A few years ago, as I was getting to know a new colleague at work, she spoke to me of her love of documentary films, and she rattled off the names of a few she had recently seen and enjoyed. I had never been deeply interested in the genre, but her description of one of them, Jeff Malmberg’s Marwencol, intrigued me. It tells the story of Mark Hogencamp, who, brain-damaged after an attack outside a bar and unable to work, begins to build in his back yard an elaborate scale model of a Belgian town during World War II, complete with dolls portraying soldiers and citizens. He begins to photograph the miniature dramas he’s constructed in a way that makes them appear to seem to be documentary images. The tale gets stranger and much more deeply affecting from there. I was hooked, and have been searching out documentaries at the rate of about one a week ever since.
A little over a year ago I stumbled on one of the great directors of the genre for the first time, Frederick Wiseman, after reading reviews of his four-hour examination of higher education, At Berkeley (2013). Since I hold an administrative job at a large public research university, and spend a portion of each day browsing the Chronicle of Higher Education’s website, I was immediately attracted to the subject matter. Knowing nothing about Wiseman, or even much about the film (including its length), I blithely ordered it up from Netflix and settled in to watch.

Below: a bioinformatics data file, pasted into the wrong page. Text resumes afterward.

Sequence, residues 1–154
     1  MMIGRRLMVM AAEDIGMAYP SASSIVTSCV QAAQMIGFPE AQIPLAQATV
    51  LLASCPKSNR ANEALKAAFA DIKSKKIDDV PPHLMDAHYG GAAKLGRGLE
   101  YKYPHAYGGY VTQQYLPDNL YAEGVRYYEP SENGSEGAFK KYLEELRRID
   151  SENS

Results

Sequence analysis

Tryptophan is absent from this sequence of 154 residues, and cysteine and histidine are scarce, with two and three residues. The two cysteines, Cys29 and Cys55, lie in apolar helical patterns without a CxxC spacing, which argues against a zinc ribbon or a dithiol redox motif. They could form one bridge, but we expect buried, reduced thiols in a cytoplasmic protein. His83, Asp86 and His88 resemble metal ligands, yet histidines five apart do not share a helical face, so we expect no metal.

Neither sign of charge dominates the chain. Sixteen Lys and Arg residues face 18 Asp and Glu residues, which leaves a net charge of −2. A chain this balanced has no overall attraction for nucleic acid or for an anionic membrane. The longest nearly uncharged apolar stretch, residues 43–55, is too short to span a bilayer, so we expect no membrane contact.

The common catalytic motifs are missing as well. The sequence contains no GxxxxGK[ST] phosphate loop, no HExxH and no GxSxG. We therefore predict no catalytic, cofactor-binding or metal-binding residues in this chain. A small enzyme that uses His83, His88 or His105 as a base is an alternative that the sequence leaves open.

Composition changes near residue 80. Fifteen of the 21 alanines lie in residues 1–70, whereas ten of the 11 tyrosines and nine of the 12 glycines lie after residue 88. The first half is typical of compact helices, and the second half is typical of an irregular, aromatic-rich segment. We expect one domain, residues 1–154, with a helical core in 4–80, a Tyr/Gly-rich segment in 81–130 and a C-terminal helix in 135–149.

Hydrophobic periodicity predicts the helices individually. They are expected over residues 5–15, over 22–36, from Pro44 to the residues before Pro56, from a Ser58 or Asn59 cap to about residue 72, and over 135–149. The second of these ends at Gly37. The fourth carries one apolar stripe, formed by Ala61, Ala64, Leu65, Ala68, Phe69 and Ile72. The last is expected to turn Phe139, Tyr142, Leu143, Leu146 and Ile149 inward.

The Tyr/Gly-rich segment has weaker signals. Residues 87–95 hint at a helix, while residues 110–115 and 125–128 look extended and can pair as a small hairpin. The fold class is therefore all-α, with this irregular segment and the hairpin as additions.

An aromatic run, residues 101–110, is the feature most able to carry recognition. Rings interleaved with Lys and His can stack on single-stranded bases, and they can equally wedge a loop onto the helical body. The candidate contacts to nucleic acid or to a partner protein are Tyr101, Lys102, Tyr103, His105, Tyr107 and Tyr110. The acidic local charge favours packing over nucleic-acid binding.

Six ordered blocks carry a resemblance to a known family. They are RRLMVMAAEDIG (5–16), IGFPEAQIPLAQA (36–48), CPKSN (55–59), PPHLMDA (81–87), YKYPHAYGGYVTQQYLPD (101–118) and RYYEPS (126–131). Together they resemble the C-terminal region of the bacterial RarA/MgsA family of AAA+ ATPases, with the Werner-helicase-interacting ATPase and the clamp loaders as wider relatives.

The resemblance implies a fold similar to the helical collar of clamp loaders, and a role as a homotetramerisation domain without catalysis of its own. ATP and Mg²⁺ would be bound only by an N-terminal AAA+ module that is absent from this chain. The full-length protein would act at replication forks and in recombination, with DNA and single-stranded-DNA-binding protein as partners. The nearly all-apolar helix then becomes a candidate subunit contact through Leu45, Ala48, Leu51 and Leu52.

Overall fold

Wiseman’s “signature style,” as the reviews call it, consists of two fundamentals: he doesn’t identify anyone who appears in the film, and he provides no titles, subtitles, music, or other cues to provide context or commentary on what the camera captures. He is also sparing of the kind of atmospheric shots the establish mood in a film; his selections seems, if not quite random, not quite revelatory either. At Berkeley features scenes of students playing frisbee on the lawns, the gates of the University at Sproul Plaza, construction sites, a groundsman on a riding mower. If you live or work on a college campus, these are the staples of ordinary life..
The heart of the film’s story lies in other such staples, and involves talking above all else. The first big scene that I remember from the film is a lengthy meeting of senior administrators, including the University’s chancellor. It is a protracted discussion of budgets, and given its setting in the fall of 2012, of how the University is to cope with repeated cuts from the state of California to its funding. There is also some talk about growing unrest among the students in response to these budget cuts, and the possibility of a mass protest in the tradition of the 60’s Free Speech Movement.